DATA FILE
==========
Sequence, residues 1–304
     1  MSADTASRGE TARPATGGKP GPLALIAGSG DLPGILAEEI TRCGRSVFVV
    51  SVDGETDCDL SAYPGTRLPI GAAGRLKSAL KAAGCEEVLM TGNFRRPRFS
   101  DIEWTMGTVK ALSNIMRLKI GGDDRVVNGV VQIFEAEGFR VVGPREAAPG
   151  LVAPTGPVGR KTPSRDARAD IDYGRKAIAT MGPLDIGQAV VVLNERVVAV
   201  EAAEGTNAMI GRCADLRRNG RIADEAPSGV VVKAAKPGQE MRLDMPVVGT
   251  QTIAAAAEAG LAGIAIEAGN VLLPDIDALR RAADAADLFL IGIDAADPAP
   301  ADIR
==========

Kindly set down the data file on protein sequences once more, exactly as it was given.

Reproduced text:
Sequence, residues 1–304
     1  MSADTASRGE TARPATGGKP GPLALIAGSG DLPGILAEEI TRCGRSVFVV
    51  SVDGETDCDL SAYPGTRLPI GAAGRLKSAL KAAGCEEVLM TGNFRRPRFS
   101  DIEWTMGTVK ALSNIMRLKI GGDDRVVNGV VQIFEAEGFR VVGPREAAPG
   151  LVAPTGPVGR KTPSRDARAD IDYGRKAIAT MGPLDIGQAV VVLNERVVAV
   201  EAAEGTNAMI GRCADLRRNG RIADEAPSGV VVKAAKPGQE MRLDMPVVGT
   251  QTIAAAAEAG LAGIAIEAGN VLLPDIDALR RAADAADLFL IGIDAADPAP
   301  ADIR